DescriptionGlutamate & Malate & Succinate.
MitoPathway control: CI&II
Transaminase catalyzes the reaction from oxaloacetate to 2-oxoglutarate, which then establishes a cycle without generation of citrate. OXPHOS is higher with GS (CI&II) compared to GM (CI) or SRot (CII). This documents an additive effect of convergent CI&II electron flow to the Q-junction, with consistent results obtained with permeabilized muscle fibres and isolated mitochondria (Gnaiger 2009).
Reference: Gnaiger 2014 MitoPathways - Chapter 5.5
MitoPedia concepts: SUIT state
GMS pathway in the LEAK state can be evaluated in the following SUIT protocols:
GMS pathway in the OXPHOS state can be evaluated in the following SUIT protocols:
GMS pathway in the ET state can be evaluated in the following SUIT protocols:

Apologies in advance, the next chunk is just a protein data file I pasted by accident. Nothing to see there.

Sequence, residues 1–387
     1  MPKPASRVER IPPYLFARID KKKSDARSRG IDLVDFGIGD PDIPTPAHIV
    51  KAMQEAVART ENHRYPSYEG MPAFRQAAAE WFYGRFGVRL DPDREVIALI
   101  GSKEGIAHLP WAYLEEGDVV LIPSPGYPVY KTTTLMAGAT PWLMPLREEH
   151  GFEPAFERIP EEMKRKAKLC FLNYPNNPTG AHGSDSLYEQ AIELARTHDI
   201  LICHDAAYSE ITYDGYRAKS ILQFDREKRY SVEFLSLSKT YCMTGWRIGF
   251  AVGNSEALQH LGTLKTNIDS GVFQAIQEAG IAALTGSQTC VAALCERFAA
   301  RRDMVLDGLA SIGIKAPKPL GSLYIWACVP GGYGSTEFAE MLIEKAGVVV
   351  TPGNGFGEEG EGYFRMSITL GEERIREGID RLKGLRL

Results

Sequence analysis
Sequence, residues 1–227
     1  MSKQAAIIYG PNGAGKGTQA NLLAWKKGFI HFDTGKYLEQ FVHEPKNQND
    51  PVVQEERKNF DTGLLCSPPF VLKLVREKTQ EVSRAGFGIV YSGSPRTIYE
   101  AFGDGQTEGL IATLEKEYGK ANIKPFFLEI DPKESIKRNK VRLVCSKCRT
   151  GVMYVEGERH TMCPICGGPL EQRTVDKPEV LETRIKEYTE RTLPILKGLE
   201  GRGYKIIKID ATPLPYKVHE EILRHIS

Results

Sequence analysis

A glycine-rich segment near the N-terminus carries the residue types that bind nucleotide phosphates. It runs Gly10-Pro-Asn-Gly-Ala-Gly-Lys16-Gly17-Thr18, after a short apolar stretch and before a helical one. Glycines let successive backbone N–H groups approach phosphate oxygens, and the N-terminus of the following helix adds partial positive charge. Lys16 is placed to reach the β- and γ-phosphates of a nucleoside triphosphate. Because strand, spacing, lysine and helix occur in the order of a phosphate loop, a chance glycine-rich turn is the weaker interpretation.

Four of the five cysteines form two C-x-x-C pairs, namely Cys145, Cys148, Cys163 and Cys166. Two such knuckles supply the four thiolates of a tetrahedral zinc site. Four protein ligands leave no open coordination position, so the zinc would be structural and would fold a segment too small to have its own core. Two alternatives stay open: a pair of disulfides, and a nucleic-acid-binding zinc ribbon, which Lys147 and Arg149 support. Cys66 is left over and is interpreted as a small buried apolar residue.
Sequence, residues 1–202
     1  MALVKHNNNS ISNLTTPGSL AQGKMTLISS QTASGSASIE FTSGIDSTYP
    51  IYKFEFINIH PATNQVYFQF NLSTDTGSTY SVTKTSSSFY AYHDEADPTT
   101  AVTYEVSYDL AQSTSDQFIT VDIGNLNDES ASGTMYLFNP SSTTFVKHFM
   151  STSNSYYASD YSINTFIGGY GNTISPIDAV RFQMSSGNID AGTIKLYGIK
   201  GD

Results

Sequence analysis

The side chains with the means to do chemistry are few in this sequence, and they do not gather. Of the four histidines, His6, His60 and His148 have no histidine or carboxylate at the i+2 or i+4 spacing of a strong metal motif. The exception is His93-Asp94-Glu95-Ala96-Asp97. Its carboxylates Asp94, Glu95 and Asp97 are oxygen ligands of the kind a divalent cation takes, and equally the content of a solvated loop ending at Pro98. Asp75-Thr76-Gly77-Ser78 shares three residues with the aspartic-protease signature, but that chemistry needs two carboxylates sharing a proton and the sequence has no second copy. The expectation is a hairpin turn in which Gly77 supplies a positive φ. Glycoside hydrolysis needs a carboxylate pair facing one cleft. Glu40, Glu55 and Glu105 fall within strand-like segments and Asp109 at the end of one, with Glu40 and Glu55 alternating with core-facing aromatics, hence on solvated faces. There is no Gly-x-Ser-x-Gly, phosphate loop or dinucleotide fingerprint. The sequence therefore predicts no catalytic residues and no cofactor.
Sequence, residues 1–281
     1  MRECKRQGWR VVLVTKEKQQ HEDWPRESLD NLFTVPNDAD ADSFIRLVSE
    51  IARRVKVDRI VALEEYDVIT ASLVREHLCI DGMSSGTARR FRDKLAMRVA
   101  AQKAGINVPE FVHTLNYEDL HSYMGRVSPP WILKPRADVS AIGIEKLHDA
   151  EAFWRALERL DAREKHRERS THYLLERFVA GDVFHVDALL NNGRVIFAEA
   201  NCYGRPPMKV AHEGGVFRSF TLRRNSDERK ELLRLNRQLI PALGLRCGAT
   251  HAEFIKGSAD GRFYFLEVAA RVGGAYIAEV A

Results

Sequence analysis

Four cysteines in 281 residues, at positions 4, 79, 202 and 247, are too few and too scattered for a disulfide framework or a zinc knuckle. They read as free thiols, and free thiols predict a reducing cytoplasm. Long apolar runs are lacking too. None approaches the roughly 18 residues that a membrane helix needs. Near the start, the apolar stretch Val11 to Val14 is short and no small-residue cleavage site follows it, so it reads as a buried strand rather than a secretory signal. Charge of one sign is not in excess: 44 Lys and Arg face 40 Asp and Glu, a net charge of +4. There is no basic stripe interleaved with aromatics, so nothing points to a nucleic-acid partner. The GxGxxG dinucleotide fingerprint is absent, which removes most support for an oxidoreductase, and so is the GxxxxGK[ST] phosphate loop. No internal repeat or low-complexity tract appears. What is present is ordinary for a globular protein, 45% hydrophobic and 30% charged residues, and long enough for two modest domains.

In human skeletal muscle mitochondria (25 °C), Rasmussen and Rasmussen (2000) obtained CI/CI&II flux ratios of 0.7 (0.6) for OXPHOS (or ETS) with glutamate&malate (8+4 mM) and glutamate&succinate (4+8 mM), and CII/CI&II flux ratios of 0.8 (0.6) for OXPHOS (or ETS). The GMP/GMSE and S(Rot)E/GMSE flux control ratios are 0.50 and 0.55 in human vastus lateralis (Pesta et al 2011). Due to the lower H+/O2 stoichiometry in succinate respiration compared to CI-linked respiration (two versus three coupling sites), the CI/CI&II ratio is lower for LEAK respiration (0.3 to 0.4; Garait et al 2005) compared to OXPHOS capacity. In human skeletal muscle, the phosphorylation system is more limiting at the highest OXPHOS activity with glutamate&succinate, at a P/E ratio (GSP/GSE) of 0.69 versus 0.80 with glutamate&malate (Rasmussen and Rasmussen 2000). Failure of obtaining a further stimulation of coupled OXPHOS in human skeletal muscle mitochondria with GMS by uncoupling (Kunz et al 2000) can be explained by the high FCCP concentration applied (10 µM) which is known to inhibit respiration (Steinlechner-Maran et al 1996). In mouse skeletal muscle, however, the P/E ratio is actually 1.0 (Aragones et al 2008), which contrasts with the significant limitation of OXPHOS capacity by the phosphorylation system in humans